What is Jurisprudence?

What is Jurisprudence?

There is no universal or uniform definition of Jurisprudence since people have different ideologies and notions throughout the world. It is a very vast subject.
When an author talks about political conditions of his society, it reflects that condition of law prevailing at that time in that particular society. It is believed that Romans were the first who started to study what is law.

Jurisprudence- Latin word ‘Jurisprudentia’- Knowledge of Law or Skill in Law.
-Most of our law has been taken from Common Law System.
-Bentham is known as Father of Jurisprudence. Austin took his work further.

Bentham was the first one to analyse what is law. He divided his study into two parts:
1. Examination of Law as it is- Expositorial Approach- Command of Sovereign.
2. Examination of Law as it ought to be- Censorial Approach- Morality of Law.
However, Austin stuck to the idea that law is command of sovereign. The structure of English Legal System remained with the formal analysis of law (Expositorial) and never became what it ought to be (Censorial).
J. Stone also tried to define Jurisprudence. He said that it is a lawyer’s extraversion. He further said that it is a lawyer’s examination of the percept, ideas and techniques of law in the light derived from present knowledge in disciplines other than the law.
Thus, we see that there can be no goodness or badness in law. Law is made by the State so there could be nothing good or bad about it. Jurisprudence is nothing but the science of law.
Definitions by:
1. Austin
2. Holland
3. Salmond
4. Keeton
5. Pound
6. Dias and Hughes

Austin- He said that “Science of Jurisprudence is concerned with Positive Laws that is laws strictly so called. It has nothing to do with the goodness or badness of law.
This has two aspects attached to it:
1. General Jurisprudence- It includes such subjects or ends of law as are common to all system.
2. Particular Jurisprudence- It is the science of any actual system of law or any portion of it.
Basically, in essence they are same but in scope they are different.
Salmond’s Criticism of Austin
He said that for a concept to fall within the category of ‘General Jurisprudence’, it should be common in various systems of law. This is not always true as there could be concepts that fall in neither of the two categories.
Holland’s Criticism of Austin
He said that it is only the material which is particular and not the science itself.
Holland’s Definition- Jurisprudence means the formal science of positive laws. It is an analytical science rather than a material science.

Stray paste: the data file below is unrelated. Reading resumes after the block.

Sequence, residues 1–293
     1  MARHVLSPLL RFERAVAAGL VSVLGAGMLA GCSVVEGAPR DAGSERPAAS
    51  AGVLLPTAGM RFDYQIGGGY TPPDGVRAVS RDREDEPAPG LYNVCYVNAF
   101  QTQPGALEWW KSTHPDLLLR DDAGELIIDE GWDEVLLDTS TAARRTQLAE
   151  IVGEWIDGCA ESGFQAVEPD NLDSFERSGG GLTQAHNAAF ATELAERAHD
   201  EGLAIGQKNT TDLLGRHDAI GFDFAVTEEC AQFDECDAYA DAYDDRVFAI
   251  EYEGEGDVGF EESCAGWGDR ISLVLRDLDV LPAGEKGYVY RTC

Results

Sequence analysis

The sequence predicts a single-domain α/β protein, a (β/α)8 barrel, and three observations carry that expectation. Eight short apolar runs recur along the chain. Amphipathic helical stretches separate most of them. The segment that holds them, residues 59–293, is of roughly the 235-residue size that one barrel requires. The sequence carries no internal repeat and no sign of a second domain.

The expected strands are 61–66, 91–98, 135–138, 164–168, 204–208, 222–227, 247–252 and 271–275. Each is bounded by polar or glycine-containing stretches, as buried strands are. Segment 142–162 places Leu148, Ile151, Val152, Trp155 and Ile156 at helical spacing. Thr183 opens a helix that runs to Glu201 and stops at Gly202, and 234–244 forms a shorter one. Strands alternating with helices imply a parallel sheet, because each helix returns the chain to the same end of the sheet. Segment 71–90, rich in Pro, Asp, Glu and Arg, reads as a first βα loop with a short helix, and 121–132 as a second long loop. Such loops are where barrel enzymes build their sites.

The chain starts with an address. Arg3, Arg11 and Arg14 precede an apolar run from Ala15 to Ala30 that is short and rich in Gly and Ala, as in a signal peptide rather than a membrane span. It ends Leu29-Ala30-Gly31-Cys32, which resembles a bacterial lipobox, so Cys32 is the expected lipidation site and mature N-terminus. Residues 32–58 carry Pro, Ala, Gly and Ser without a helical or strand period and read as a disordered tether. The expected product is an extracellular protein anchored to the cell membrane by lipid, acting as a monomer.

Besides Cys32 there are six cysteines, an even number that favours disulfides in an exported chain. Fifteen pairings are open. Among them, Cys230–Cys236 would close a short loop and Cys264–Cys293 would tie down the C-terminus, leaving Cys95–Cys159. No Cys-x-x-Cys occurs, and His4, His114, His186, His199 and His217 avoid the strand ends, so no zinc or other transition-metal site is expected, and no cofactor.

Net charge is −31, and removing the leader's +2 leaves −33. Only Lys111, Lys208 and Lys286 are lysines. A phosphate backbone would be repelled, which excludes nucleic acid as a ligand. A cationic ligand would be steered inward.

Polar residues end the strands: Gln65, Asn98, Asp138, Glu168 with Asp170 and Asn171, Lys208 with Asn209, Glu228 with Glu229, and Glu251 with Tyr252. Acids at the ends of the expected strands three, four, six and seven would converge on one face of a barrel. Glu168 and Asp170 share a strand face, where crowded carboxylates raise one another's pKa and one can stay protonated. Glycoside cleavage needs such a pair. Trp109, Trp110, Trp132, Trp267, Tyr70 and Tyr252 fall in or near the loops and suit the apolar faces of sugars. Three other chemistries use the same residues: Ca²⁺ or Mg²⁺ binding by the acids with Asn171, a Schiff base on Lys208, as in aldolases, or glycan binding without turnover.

1. He defined the term positive law. He said that Positive Law means the general rule of external human action enforced by a sovereign political authority.

2. We can see that, he simply added the word ‘formal’ in Austin’s definition. Formal here means that we study only the form and not the essence. We study only the external features and do not go into the intricacies of the subject. According to him, how positive law is applied and how it is particular is not the concern of Jurisprudence.

3. The reason for using the word ‘Formal Science’ is that it describes only the form or the external sight of the subject and not its internal contents. According to Holland, Jurisprudence is not concerned with the actual material contents of law but only with its fundamental conceptions. Therefore, Jurisprudence is a Formal Science.

4. This definition has been criticized by Gray and Dr. Jenks. According to them, Jurisprudence is a formal science because it is concerned with the form, conditions,
social life, human relations that have grown up in the society and to which society attaches legal significance.

5. Holland said that Jurisprudence is a science because it is a systematized and properly co-ordinated knowledge of the subject of intellectual enquiry. The term positive law confines the enquiry to these social relations which are regulated by the rules imposed by the States and enforced by the Courts of law. Therefore, it is a formal science of positive law.

6. Formal as a prefix indicates that the science deals only with the purposes, methods and ideas on the basis of the legal system as distinct from material science which deals only with the concrete details of law.

7. This definition has been criticized on the ground that this definition is concerned only with the form and not the intricacies.

Salmond- He said that Jurisprudence is Science of Law. By law he meant law of the land or civil law. He divided Jurisprudence into two parts:
1. Generic- This includes the entire body of legal doctrines.
2. Specific- This deals with the particular department or any portion of the doctrines.
‘Specific’ is further divided into three parts:

1. Analytical, Expository or Systematic- It deals with the contents of an actual legal system existing at any time, past or the present.

2. Historical- It is concerned with the legal history and its development

3. Ethical- According to him, the purpose of any legislation is to set forth laws as it ought to be. It deals with the ‘ideal’ of the legal system and the purpose for which it exists.
Criticism of Salmond- Critics say that it is not an accurate definition. Salmond only gave the structure and failed to provide any clarity of thought.

Keeton- He considered Jurisprudence as the study and systematic arrangement of the general principles of law. According to him, Jurisprudence deals with the distinction between Public and Private Laws and considers the contents of principle departments of law.


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